Mayor Rahm Emanuel on Tuesday chose Anna Valencia as Chicago’s $133,545-a-year city clerk, calling his 31-year-old political operative the “next generation of leadership.”

Valencia, director of the mayor’s Office of Legislative Counsel and Government Affairs, replaces Susana Mendoza, the newly elected state comptroller.

“I’m about promoting another generation of leadership for this city. . . . I’m not threatened by that. I actually want to promote that. As a millennial who happens to be Hispanic, she’s the next generation of leadership,” the mayor said.

“I’m not scared of nominating strong people. . . . Anna is a very strong person who can stand on her own two feet. This will be her first foray from staff to principal,” he said. “So, I told her, if she masters this office and masters politics, she’s part of a new generation of leaders. That is good for the city and good for our civic life.”

Valencia acknowledged that the appointment as city clerk comes with a substantial pay cut.

But she was thrilled to do it. She called it the “American dream” for a downstate daughter of a Mexican immigrant who was the first in her family to graduate from college.

“It’s definitely moving. I called my parents. They were both in tears,” Valencia said Tuesday.

“My dad is a union painter. My mom was a teacher’s assistant,” she said. “I’m going to make them proud.”

Calling Mendoza a “trailblazer for a lot of us,” Valencia said, “This is a natural step to put myself out there. We need more women at the table, especially minority women.”

If Emanuel chooses to seek a third term as mayor, the move paves the way for him to run for re-election on a rainbow ticket with an attractive and articulate Hispanic woman who has earned her stripes as the mayor’s political point person.

In that role, she has helped to tame a rebellious City Council and forged a close working relationship with aldermen she lobbied to approve a utility tax for pensions; controversial ordinances regulating home-sharing and ride-sharing; and overhauling Chicago’s system of police accountability to restore public trust shattered by the police shooting of Laquan McDonald.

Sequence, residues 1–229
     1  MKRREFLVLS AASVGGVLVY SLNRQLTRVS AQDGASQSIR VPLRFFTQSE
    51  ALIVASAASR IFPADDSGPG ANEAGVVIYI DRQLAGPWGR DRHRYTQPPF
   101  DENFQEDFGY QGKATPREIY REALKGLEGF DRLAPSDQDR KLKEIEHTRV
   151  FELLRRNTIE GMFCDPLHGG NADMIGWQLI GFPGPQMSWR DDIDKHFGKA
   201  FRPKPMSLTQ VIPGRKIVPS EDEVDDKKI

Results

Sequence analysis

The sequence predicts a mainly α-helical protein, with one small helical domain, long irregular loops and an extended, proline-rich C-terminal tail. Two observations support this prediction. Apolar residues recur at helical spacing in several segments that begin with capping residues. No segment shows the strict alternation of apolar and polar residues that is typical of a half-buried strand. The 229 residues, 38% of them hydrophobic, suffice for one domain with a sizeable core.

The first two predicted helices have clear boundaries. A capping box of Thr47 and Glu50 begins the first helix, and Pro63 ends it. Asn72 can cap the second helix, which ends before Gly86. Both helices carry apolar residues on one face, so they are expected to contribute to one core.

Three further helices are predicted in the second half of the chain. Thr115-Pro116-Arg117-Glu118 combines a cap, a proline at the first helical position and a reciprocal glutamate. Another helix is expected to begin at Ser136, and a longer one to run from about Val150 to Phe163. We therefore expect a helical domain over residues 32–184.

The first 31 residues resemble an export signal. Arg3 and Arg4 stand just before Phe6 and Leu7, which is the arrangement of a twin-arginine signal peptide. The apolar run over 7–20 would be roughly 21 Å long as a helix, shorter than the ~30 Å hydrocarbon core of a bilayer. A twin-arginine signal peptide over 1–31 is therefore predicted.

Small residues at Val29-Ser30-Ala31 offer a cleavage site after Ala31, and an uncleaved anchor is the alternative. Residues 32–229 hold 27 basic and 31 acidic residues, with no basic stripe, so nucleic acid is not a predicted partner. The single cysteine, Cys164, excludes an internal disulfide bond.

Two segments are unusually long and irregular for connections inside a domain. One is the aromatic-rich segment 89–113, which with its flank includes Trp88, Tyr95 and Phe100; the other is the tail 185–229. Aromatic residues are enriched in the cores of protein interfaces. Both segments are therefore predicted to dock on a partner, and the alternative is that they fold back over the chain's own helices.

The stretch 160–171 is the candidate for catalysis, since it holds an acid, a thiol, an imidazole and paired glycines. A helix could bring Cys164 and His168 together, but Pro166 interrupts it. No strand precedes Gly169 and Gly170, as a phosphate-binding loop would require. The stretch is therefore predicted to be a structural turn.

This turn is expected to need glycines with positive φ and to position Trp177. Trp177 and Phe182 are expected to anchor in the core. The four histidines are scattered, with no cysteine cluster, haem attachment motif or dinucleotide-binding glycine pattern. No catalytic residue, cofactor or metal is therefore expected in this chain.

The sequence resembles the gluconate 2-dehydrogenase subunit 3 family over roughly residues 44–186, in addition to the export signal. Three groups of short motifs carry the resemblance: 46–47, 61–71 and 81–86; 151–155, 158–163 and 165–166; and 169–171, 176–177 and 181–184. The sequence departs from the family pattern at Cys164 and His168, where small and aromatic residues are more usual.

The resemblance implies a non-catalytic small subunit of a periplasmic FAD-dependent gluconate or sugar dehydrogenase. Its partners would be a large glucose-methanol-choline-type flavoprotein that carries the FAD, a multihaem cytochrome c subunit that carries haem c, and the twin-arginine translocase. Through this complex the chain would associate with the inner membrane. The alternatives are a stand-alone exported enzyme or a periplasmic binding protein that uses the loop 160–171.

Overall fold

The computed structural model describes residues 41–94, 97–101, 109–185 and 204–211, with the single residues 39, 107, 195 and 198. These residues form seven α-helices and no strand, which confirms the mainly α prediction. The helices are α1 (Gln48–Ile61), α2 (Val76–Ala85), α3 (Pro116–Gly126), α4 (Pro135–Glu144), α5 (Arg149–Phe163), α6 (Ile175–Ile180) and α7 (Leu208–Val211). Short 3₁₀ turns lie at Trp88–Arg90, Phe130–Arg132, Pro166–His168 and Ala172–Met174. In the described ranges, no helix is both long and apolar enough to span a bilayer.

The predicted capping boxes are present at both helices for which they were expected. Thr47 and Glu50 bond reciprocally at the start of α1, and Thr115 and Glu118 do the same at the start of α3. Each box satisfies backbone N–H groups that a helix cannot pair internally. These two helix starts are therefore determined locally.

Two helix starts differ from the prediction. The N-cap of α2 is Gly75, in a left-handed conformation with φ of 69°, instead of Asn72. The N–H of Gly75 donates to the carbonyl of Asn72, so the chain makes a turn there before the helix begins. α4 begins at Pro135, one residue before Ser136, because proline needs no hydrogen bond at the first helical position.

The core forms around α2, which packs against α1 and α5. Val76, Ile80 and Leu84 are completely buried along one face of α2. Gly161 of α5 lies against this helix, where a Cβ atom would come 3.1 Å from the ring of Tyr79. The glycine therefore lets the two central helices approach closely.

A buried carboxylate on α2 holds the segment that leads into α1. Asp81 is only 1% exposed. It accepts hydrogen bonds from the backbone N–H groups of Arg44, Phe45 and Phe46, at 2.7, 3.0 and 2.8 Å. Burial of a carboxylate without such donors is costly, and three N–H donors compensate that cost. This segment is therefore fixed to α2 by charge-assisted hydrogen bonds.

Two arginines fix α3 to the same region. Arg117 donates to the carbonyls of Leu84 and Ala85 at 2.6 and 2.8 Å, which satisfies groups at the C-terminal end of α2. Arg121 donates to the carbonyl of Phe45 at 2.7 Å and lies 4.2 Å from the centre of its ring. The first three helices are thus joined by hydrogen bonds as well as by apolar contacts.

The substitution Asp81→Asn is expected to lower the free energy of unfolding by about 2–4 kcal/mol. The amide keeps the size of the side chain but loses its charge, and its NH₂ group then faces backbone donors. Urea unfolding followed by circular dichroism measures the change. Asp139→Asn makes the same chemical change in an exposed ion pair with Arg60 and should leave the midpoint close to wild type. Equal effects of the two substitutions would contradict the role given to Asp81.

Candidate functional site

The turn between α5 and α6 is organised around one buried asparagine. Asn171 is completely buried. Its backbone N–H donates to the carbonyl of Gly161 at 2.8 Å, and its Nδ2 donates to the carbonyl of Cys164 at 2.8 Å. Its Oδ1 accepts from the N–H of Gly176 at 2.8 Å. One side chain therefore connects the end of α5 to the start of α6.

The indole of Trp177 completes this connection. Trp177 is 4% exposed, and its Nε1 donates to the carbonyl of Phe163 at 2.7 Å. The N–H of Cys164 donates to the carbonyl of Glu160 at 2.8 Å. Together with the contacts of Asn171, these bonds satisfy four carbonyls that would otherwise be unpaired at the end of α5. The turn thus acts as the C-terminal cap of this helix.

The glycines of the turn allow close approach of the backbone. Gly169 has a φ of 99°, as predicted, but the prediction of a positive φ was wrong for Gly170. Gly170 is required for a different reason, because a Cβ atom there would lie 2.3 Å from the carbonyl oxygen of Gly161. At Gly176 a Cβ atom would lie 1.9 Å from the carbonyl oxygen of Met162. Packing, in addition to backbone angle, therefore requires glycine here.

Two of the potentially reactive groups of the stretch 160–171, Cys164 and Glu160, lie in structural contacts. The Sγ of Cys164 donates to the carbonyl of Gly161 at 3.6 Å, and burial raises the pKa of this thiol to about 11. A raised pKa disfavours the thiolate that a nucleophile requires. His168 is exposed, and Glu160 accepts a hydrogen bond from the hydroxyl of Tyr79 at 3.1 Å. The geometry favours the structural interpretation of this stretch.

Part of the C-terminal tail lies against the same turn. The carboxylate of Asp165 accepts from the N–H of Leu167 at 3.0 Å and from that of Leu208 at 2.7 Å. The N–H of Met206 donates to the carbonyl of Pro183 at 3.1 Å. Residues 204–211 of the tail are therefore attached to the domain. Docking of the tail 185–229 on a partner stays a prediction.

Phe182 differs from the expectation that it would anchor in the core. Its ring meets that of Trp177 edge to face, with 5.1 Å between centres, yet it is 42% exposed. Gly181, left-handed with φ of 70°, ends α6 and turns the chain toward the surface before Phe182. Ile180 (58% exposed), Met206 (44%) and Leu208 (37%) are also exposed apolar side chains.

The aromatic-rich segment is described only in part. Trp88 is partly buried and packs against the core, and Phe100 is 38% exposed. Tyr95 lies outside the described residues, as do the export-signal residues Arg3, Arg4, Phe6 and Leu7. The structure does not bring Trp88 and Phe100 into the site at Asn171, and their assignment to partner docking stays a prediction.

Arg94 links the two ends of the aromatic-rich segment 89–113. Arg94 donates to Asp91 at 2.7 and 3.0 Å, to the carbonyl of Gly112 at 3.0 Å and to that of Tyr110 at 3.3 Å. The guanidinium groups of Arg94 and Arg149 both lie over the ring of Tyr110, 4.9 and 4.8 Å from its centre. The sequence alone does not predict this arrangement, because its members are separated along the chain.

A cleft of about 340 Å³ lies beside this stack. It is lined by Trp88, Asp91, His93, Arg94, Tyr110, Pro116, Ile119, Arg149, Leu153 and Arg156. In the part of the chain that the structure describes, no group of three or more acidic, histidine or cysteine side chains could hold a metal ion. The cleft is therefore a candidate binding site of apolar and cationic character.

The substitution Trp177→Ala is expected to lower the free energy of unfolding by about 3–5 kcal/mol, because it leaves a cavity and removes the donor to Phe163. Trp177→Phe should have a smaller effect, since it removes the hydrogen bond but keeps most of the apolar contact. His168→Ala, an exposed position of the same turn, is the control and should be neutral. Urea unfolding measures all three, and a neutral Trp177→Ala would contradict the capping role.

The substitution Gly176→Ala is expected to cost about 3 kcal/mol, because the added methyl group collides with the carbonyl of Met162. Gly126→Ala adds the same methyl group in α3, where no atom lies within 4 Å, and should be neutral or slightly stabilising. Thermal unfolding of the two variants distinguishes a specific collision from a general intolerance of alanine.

“Look at the last two votes: My budget and the Red-Purple modernization. Both were won with 48-0 and 46-0. She’s handled the politics and earned other peoples’ respect in the process,” Emanuel said.

For weeks, aides described the mayor as “torn” between Valencia and Maria Guerra Lapacek, commissioner of the city’s Department of Business Affairs and Consumer Protection.

Emanuel ultimately chose Valencia after she played a pivotal behind-the-scenes role in the mayor’s frenzied campaign to protect illegal immigrants threatened with deportation after the election of President-elect Donald Trump.

“That reminded us why she is such an asset and what a rising star she is,” said a top mayoral aide, who asked to remain anonymous.

The appointment of Valencia also paves the way for her African-American deputy Samantha Fields to take her place. That would appease black aldermen who quietly staked claim to the clerk’s office.

Mendoza had urged the mayor to appoint Deputy Clerk Carina Sanchez to avoid a learning curve in an office Mendoza was so proud to have “transformed.”